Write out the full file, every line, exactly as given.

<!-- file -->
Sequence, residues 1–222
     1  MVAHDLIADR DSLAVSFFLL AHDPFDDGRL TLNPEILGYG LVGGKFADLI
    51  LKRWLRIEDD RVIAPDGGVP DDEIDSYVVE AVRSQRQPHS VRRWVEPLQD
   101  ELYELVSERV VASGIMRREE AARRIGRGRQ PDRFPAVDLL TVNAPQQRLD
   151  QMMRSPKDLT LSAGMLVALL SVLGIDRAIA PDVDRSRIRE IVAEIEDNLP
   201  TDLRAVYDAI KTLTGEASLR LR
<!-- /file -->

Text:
Sequence, residues 1–222
     1  MVAHDLIADR DSLAVSFFLL AHDPFDDGRL TLNPEILGYG LVGGKFADLI
    51  LKRWLRIEDD RVIAPDGGVP DDEIDSYVVE AVRSQRQPHS VRRWVEPLQD
   101  ELYELVSERV VASGIMRREE AARRIGRGRQ PDRFPAVDLL TVNAPQQRLD
   151  QMMRSPKDLT LSAGMLVALL SVLGIDRAIA PDVDRSRIRE IVAEIEDNLP
   201  TDLRAVYDAI KTLTGEASLR LR